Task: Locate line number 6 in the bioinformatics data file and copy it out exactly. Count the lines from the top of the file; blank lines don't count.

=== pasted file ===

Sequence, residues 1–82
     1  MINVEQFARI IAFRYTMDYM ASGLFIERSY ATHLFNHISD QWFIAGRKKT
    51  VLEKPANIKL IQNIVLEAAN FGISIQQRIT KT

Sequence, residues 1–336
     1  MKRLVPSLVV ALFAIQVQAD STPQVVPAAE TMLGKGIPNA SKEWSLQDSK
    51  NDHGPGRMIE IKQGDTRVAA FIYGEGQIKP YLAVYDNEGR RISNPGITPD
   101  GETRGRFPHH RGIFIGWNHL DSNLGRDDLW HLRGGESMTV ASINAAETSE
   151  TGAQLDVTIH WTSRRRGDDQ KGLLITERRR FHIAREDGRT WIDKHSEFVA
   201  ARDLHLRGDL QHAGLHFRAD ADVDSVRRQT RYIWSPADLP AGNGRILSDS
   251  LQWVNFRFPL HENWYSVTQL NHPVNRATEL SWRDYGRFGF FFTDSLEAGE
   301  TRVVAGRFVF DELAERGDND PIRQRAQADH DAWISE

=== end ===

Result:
    51  NDHGPGRMIE IKQGDTRVAA FIYGEGQIKP YLAVYDNEGR RISNPGITPD